Biochimica et biophysica acta

Soluble CD14 inhibits contractile function and insulin action in primary adult rat cardiomyocytes.

PMID 27816522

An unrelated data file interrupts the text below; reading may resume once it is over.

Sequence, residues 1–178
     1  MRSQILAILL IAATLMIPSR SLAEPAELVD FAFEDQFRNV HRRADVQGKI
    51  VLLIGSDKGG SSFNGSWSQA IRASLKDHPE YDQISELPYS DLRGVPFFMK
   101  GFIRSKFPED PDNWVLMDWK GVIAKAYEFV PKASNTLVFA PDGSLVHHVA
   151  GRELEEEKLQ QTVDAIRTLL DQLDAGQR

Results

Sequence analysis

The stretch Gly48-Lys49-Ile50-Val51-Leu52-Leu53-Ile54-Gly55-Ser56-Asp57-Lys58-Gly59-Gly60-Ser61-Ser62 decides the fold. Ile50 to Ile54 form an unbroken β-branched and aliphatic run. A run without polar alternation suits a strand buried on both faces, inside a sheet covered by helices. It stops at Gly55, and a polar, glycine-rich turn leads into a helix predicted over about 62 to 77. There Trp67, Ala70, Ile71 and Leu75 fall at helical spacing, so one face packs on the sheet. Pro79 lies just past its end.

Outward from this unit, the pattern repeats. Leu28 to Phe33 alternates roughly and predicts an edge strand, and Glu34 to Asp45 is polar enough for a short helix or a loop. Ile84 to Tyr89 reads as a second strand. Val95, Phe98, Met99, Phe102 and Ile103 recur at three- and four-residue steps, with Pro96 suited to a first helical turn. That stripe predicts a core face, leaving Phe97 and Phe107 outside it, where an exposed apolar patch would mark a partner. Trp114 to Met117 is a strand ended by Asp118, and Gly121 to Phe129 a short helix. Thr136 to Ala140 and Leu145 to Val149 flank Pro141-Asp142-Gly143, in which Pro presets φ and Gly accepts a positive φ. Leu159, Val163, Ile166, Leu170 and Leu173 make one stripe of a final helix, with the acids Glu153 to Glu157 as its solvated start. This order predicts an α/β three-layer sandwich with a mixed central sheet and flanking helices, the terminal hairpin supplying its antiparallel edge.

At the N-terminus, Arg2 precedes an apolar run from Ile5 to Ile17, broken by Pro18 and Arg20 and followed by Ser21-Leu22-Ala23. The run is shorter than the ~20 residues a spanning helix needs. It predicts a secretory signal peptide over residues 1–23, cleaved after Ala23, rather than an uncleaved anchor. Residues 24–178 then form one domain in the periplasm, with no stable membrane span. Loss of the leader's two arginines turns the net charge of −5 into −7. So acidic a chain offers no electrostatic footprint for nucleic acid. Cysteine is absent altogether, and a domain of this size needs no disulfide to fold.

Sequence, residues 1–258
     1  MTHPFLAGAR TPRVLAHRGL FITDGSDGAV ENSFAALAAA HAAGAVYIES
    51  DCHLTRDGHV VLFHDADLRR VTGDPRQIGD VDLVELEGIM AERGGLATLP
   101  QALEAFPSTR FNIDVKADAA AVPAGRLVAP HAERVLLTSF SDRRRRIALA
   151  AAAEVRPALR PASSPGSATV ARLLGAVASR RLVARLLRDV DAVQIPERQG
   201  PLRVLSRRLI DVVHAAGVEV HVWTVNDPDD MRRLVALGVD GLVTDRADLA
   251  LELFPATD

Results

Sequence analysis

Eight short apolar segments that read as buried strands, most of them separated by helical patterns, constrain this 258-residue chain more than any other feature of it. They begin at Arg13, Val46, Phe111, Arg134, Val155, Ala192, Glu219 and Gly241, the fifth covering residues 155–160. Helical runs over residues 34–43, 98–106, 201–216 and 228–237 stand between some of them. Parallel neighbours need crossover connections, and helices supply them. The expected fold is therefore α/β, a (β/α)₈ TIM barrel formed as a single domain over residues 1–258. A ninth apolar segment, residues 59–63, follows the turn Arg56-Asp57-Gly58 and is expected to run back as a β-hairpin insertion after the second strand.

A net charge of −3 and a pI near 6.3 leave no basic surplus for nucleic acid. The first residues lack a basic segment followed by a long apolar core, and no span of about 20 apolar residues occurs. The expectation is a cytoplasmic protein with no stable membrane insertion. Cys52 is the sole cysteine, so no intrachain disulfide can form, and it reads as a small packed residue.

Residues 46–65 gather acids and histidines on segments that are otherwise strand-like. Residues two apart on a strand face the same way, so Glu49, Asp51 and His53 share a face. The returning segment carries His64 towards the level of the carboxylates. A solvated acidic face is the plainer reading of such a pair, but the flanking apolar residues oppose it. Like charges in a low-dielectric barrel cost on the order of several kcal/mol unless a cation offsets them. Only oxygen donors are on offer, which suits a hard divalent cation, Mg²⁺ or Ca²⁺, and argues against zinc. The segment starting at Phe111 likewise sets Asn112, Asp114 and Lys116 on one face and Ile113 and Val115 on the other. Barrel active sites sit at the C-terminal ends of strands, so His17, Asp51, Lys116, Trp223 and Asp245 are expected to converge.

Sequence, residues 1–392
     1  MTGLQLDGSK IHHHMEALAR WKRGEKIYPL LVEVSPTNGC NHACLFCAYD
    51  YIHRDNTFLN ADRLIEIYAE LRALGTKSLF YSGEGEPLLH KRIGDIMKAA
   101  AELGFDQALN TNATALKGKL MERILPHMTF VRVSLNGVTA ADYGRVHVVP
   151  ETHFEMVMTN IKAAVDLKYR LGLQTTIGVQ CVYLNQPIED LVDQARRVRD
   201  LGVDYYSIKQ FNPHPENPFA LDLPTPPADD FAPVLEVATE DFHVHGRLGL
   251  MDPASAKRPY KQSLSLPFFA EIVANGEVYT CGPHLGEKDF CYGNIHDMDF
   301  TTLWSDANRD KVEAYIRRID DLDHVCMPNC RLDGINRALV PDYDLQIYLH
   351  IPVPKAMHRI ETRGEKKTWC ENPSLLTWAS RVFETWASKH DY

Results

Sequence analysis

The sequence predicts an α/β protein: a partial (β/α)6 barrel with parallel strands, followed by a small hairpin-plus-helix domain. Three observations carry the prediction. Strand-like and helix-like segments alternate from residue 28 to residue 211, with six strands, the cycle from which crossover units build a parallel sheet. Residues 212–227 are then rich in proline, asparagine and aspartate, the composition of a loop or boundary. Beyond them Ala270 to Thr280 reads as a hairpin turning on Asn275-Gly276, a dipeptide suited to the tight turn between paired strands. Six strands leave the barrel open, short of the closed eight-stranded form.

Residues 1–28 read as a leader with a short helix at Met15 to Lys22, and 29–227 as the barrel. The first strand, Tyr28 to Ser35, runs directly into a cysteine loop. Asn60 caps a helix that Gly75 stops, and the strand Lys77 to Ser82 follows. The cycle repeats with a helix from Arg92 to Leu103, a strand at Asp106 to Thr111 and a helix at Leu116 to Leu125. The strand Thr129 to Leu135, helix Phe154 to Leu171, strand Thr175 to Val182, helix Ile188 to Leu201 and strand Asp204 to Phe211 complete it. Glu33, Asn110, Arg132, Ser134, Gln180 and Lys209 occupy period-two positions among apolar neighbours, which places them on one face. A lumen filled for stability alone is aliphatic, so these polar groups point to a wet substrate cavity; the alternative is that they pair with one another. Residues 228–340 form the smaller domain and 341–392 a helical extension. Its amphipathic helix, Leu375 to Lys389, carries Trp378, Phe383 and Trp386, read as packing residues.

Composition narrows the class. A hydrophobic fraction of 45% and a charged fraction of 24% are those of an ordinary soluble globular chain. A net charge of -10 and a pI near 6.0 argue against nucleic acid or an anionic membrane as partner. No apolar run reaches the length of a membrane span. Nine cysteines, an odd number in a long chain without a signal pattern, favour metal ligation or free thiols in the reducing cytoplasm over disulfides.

Epicardial adipose tissue (EAT) from patients with type 2 diabetes (T2D) is characterized by monocyte infiltrations and displays an elevated release of the monocyte marker soluble cluster of differentiation 14 (sCD14) versus EAT from patients without T2D. We propose that an increased abundance of sCD14 in EAT from patients with T2D may impair the function and insulin sensitivity of the adjacent cardiomyocytes. To examine this, primary adult rat cardiomyocytes were incubated with increasing concentrations of sCD14 in the presence and absence of the co-receptor lipopolysaccharide (LPS), and analyzed for effects on determinants of contractile function, activation of inflammation signalling and insulin action. Exposing cardiomyocytes to sCD14 increased the phosphorylation of the stress kinases p38 and extracellular-signal regulated kinase (ERK). In contrast, insulin-mediated phosphorylation of Akt on Thr308 and Ser473 was inhibited. Furthermore, sCD14 impaired sarcomere shortening and cytosolic Ca(2+)-fluxes. All responses were concentration-dependent and became significant at 1ng/ml sCD14. LPS, either alone or in complex with sCD14, did not affect contractile function or the activation of stress kinases and insulin signalling pathways. Similar data on protein phosphorylation were obtained when exposing human umbilical vein endothelial cells to sCD14. Finally, pharmacological inhibition of p38 reversed the detrimental effects of sCD14 on contractile function, but not on sCD14-induced insulin resistance. Collectively, these data show that sCD14 impairs the function and insulin sensitivity of cardiomyocytes, suggesting that an enhanced sCD14 release from EAT in patients with T2D may contribute to the pathogenesis of diabetes-related cardiometabolic complications.